This project originated in the Robotics Research Centre of Nanyang Technology University (NTU) located in Singapore. Both faculty members and PhD students are involved with many aspects of robotics in areas of healthcare, environment and construction. With increased digitalization and government funding, the construction industry in particular shows promise of improved productivity and would benefit from the application of mobile robots.

Professor Chen and his team of six focused their energy in this field to bring Quicabot to life. The Building Quality Inspection and Assessment Robot, or Quicabot for short, is a quality assessment robot used in construction sites. This robot based on Jackal UGV, uses various sensors to inspect construction locations for defects, such as cracks, flat walls and hollow tiles. The robot compares the information from the inspection with industry standards, and makes the assessment to confirm if the area passes inspection.

To gather this information, Quicabot is equipped with a number of sensors, including:

  • RGB Camera for visual inspection
  • 2D LiDAR sensors to detect the evenness of walls
  • Inclination meter to measure the slope of the bathroom/balcony and drainage
  • Infrared Camera to check for wall hollowness

The team integrated the sensors themselves and installed another layer of architecture for assessment on top of the Robot Operating System (ROS), which is used for navigation. When a robot is deployed, it is usually working with a human assessor. However, navigation can be autonomous or tele-operated. The robot can be pointed from one location to another, can roam autonomously, or can be made to follow the assessor.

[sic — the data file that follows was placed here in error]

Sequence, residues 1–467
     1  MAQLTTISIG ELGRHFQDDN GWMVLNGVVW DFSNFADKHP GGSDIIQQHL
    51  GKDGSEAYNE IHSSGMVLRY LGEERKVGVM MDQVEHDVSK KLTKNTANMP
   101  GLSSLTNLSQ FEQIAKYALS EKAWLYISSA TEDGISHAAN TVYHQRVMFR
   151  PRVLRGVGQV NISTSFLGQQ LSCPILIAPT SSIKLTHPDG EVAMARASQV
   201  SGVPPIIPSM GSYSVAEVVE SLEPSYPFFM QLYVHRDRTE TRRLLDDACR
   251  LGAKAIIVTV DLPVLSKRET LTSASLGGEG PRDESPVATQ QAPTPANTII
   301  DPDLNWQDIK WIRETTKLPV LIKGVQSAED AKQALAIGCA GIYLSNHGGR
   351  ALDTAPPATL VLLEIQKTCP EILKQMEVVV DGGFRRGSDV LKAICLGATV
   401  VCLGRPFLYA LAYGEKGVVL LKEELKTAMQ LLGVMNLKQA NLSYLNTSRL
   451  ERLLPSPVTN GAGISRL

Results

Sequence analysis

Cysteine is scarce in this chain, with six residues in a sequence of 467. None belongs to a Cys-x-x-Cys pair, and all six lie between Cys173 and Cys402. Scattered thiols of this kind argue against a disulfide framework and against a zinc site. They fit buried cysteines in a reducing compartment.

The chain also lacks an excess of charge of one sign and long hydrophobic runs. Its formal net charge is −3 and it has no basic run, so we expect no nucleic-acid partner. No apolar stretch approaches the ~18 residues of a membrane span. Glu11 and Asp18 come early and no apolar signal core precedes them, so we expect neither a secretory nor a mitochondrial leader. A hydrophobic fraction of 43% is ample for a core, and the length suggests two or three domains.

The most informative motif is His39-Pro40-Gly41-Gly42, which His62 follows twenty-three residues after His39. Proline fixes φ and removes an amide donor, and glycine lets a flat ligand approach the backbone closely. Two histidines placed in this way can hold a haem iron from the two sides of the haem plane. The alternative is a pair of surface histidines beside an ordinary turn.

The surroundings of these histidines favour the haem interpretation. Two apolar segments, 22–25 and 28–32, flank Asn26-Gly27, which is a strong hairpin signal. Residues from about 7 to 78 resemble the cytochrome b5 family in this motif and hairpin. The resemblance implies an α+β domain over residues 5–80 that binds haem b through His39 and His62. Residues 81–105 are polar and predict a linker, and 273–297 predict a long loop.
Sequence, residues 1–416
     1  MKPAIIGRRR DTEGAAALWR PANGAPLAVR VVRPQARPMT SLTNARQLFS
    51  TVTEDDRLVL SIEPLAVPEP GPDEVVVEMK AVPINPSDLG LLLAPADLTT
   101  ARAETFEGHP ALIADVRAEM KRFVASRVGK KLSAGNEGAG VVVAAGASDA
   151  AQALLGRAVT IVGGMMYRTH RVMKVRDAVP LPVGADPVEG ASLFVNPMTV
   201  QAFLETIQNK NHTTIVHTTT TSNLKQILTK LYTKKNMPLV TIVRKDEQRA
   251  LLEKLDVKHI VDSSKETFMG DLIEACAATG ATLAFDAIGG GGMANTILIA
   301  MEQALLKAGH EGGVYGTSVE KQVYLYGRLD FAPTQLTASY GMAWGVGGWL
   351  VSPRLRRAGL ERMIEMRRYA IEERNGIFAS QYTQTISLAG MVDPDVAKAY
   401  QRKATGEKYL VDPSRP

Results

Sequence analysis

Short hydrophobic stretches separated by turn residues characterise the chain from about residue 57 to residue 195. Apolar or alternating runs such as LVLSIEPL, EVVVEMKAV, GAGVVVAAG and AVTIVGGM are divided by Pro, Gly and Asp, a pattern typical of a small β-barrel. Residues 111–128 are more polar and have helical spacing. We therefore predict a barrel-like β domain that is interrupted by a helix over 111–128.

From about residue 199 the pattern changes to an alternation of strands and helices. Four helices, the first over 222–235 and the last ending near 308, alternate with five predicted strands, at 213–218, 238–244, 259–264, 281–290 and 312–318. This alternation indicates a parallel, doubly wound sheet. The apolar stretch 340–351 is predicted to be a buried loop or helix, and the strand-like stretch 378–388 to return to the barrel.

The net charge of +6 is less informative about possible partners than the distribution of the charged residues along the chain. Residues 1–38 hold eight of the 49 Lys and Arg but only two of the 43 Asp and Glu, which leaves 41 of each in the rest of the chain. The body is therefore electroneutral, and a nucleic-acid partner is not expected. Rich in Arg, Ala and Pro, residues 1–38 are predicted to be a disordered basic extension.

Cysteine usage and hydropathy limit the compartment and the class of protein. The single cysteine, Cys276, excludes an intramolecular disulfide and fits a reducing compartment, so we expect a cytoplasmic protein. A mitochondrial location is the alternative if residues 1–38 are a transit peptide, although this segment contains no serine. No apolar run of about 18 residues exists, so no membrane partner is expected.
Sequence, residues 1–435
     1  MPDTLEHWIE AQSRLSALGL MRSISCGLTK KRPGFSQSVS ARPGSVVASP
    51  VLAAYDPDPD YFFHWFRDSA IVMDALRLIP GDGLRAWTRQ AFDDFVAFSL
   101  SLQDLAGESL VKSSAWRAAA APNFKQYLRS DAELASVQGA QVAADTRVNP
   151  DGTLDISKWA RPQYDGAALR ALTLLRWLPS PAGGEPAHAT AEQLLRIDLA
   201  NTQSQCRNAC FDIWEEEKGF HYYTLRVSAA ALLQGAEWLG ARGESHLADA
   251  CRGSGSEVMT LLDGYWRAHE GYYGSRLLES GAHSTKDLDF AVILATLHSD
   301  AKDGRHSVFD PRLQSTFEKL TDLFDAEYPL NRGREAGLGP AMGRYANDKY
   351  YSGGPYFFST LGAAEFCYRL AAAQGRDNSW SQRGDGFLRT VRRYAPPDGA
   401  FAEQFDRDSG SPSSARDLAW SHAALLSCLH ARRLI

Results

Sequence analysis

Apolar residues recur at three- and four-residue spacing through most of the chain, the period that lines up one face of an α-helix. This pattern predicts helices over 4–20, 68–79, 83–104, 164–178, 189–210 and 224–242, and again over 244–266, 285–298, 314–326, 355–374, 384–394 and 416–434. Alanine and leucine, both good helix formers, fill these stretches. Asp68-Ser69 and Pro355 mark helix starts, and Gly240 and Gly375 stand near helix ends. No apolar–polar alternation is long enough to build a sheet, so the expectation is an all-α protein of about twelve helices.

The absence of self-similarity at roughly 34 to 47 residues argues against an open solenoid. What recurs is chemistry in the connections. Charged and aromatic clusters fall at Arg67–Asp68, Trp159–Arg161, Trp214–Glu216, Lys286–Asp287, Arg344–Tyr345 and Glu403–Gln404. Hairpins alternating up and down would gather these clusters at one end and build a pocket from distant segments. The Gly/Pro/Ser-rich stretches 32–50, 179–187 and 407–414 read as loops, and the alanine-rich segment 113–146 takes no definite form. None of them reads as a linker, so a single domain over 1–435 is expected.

When considering mobile platforms to use, the team looked for something lightweight and portable. A more robust platform was necessary for commercialization – that’s where Jackal UGV comes in. Professor Chen and his team chose Clearpath’s Jackal UGV platform firstly because it is compact and easier to move around large areas, which is perfect for large buildings and sites. In addition, the ruggedness of the Jackal was ideal for the semi-finished buildings and construction environments. The Jackal UGV was also chosen due to its ROS integration and open architecture.

Collecting Quicabot’s data helps assessors obtain more detailed information to achieve 100% inspection, and is collected at a speed 2x faster than a human. According to Professor Chen, Quicabot reduces the amount of labour needed by approximately 50%. He also estimates a 30% reduction in the cost of assessing and surveying construction sites, based on market surveys and robot performance.

The team worked on the project from 2016-2017, then created the spin-off company Transforma Robotics. They are currently commercializing construction related robotics and continue to work on R&D.

Jackal call to action

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